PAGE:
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The tangled web of physical and emotional pain in prescription opioid use disorder

Every year, clinicians in the United States write 250 million prescriptions for opioid painkillers. For the vast majority of patients, these painkillers provide short-term relief and then life goes on. A very small percentage of people prescribed opioids, however, develop a prescription opioid use disorder (POUD), which can have a devastating impact on their life. 

As a pain and substance use researcher, I’ve long been curious about how we can better prevent and treat POUDs. In my latest work, published this month in the journal Drug and Alcohol Dependence, I looked at a group of 360 people with POUD enrolled in a 12-week treatment program. Participants were given buprenorphine and naloxone—a first-line treatment for POUD that helps ease opioid withdrawal symptoms and negative moods. I wanted to know what underlying characteristics of these people made them more or less likely to relapse during treatment. 

We already know that there’s a strong association between depression and POUD. But rather than make that assumption, and divide study participants into depressed and not-depressed to analyze the difference, my study used an advanced statistical technique that looked at the data in a less biased way. The statistical approach lumped patients into groups depending on their response to treatment as well as other attributes. We then went back and looked at the baseline characteristics that set each group apart. 

Four groups resulted: the first, which contained more than 60% of participants, was a low relapse rate group—fewer than half of these patients relapsed during treatment and their physical pain and depression both tended to improve over the 12 weeks. A much smaller group (10%) had very high rates of early relapse—every patient in this group relapsed within the first five weeks of treatment. Finally, two groups contained patients with especially high rates of depression or of physical pain. Many of the people in these groups had relapsed on prescription opioids by the end of the 12-week treatment. Initially, I was surprised to see that at a statistical level, these physical pain and depression groups were nearly identical; my colleagues and I really couldn’t tell them apart. This was surprising because, at a clinical level, patients with physical pain and patients with depression are very different.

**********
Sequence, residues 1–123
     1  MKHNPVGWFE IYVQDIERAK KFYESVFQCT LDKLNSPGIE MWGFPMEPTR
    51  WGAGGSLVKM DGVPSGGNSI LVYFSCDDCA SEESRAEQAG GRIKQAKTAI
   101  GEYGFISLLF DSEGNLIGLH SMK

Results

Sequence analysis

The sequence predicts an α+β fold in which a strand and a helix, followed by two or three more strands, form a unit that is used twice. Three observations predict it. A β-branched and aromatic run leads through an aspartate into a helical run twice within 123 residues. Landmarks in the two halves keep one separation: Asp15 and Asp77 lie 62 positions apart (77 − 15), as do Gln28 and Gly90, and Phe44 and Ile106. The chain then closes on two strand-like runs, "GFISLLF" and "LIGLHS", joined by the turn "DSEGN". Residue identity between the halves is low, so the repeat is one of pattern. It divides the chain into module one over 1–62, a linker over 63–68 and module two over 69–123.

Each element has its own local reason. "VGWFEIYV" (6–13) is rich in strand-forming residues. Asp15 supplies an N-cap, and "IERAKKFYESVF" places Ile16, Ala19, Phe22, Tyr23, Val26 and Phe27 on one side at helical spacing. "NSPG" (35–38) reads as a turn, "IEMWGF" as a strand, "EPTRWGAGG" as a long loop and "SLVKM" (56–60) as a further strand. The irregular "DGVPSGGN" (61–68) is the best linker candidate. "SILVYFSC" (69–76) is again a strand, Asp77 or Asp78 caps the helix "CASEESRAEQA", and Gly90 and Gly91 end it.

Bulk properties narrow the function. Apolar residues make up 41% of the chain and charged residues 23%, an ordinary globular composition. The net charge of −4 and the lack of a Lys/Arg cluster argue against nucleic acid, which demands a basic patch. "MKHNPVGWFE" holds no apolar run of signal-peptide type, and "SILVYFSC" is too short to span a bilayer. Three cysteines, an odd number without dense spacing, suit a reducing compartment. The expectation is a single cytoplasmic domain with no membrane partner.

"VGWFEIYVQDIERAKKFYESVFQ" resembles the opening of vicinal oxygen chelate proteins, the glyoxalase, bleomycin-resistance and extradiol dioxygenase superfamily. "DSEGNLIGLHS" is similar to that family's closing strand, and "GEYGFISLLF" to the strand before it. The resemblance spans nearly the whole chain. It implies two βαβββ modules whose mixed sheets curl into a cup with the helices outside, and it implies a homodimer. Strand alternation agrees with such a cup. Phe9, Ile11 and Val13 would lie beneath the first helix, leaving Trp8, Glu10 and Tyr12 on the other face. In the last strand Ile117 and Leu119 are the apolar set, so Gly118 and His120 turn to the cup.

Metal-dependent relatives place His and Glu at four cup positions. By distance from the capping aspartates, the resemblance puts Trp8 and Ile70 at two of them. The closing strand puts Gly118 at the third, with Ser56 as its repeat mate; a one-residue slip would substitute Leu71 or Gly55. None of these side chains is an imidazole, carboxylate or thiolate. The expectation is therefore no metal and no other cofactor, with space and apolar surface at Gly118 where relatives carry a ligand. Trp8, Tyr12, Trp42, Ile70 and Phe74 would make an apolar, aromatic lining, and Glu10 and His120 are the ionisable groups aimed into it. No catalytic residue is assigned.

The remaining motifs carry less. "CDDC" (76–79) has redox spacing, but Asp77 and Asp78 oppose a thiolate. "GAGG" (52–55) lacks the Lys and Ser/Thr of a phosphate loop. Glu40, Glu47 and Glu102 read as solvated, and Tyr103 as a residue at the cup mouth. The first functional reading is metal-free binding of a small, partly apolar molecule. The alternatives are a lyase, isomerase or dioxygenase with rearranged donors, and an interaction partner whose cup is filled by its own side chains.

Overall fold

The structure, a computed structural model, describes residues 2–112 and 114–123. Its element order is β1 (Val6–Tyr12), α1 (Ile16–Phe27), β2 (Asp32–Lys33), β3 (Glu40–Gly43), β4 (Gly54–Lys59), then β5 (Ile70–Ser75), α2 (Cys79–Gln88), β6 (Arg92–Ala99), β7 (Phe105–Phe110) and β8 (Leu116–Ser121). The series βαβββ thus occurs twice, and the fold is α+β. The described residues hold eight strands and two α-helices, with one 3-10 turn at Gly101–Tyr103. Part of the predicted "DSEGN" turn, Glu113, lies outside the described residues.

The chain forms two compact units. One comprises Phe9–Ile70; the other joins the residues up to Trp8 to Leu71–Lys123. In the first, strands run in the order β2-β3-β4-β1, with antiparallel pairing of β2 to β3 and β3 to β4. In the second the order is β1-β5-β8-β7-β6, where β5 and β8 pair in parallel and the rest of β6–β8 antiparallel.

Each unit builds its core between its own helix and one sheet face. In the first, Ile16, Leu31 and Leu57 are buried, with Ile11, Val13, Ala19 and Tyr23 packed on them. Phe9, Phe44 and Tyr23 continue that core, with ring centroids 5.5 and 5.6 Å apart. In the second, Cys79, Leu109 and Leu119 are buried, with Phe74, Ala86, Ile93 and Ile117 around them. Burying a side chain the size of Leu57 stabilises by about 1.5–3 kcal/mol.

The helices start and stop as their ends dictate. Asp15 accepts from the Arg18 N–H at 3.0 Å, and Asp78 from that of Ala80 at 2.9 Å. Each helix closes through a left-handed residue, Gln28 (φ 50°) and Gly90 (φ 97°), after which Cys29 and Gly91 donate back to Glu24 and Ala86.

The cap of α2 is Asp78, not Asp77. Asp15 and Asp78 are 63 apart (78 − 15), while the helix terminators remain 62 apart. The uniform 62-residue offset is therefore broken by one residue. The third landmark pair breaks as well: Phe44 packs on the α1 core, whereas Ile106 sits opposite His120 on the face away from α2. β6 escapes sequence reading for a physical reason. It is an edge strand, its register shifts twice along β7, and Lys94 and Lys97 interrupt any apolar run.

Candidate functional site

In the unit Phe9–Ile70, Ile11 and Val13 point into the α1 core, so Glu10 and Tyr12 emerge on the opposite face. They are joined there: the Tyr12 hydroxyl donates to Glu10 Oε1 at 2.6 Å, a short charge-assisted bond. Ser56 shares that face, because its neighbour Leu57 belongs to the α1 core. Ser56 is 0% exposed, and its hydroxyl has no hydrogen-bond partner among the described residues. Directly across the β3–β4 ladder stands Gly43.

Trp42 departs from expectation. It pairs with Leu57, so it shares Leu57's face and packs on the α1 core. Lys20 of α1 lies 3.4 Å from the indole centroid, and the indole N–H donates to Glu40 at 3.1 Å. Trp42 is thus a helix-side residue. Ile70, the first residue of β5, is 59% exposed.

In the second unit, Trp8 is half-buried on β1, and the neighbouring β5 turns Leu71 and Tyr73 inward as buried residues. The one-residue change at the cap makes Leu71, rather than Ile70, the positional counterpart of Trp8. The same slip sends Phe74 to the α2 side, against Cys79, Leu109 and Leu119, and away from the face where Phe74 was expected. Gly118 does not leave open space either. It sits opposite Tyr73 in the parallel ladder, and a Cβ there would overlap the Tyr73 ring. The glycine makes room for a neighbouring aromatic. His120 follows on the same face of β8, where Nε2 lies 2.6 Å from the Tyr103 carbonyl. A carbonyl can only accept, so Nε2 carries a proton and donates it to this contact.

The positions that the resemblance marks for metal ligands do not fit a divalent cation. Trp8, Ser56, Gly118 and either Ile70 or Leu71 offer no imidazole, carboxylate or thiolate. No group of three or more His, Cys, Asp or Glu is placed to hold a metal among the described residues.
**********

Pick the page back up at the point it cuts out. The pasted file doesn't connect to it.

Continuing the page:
In retrospect, I think the finding points toward a general role of “suffering” in POUD and perhaps other substance abuse disorders. The same brain pathways are often engaged in both physical and emotional pain. When we prescribe opioids, we’re prescribing them to treat physical pain. But if the brain can’t distinguish between pain and depression, then you’re also giving a patient some relief from depression with opioids and it becomes very difficult to parse the types of pain. 

I also noted interesting differences between men and women—many women were in the high-depression group. And I found that a number of people who self-reported that they did not have depression actually scored high on a depression scale that they completed. Moreover, half the people in the high depression class did not self-report a previous lifetime diagnosis of depression. This suggests that there are many individuals in POUD treatment that may meet diagnostic criteria for depression, but are unaware of their condition. I think these observations all point to the importance of further studying the complex interplay between depression, physical pain and prescription opioid misuse. 

In the future, I’d like to apply my statistical modeling approach to other questions related to prescription opioids. For instance, can we predict, when a patient is first prescribed opioids after a routine surgery, how long they’ll need the drugs and whether they’ll start misusing them? Being able to answer this question could help guide the decisions doctors make when they write opioid prescriptions. Perhaps more importantly, this framework could be implemented to build predictive models to aid clinical decisions regarding groups that may be at increased risk of prescription opioid use disorder. 

When we talk about people’s pain, we need to remember that there are many types of pain—some is physical, some emotional, and some a complex combination. I hope my study, and future studies, help remind us that simplifying pain, or focusing on only one kind, can make us miss the bigger picture.